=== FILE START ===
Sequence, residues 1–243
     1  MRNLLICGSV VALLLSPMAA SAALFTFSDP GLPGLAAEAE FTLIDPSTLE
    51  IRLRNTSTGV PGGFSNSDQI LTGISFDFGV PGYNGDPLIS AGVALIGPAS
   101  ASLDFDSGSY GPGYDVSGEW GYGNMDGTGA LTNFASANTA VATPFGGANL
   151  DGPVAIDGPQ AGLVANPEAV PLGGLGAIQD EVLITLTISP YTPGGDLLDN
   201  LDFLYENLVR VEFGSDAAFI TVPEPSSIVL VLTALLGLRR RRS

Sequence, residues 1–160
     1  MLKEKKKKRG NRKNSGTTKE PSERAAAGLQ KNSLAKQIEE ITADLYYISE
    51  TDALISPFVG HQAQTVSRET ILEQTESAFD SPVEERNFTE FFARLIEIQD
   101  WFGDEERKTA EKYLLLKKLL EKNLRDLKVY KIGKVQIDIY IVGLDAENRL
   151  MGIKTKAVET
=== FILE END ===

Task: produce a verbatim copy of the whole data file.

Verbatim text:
Sequence, residues 1–243
     1  MRNLLICGSV VALLLSPMAA SAALFTFSDP GLPGLAAEAE FTLIDPSTLE
    51  IRLRNTSTGV PGGFSNSDQI LTGISFDFGV PGYNGDPLIS AGVALIGPAS
   101  ASLDFDSGSY GPGYDVSGEW GYGNMDGTGA LTNFASANTA VATPFGGANL
   151  DGPVAIDGPQ AGLVANPEAV PLGGLGAIQD EVLITLTISP YTPGGDLLDN
   201  LDFLYENLVR VEFGSDAAFI TVPEPSSIVL VLTALLGLRR RRS

Sequence, residues 1–160
     1  MLKEKKKKRG NRKNSGTTKE PSERAAAGLQ KNSLAKQIEE ITADLYYISE
    51  TDALISPFVG HQAQTVSRET ILEQTESAFD SPVEERNFTE FFARLIEIQD
   101  WFGDEERKTA EKYLLLKKLL EKNLRDLKVY KIGKVQIDIY IVGLDAENRL
   151  MGIKTKAVET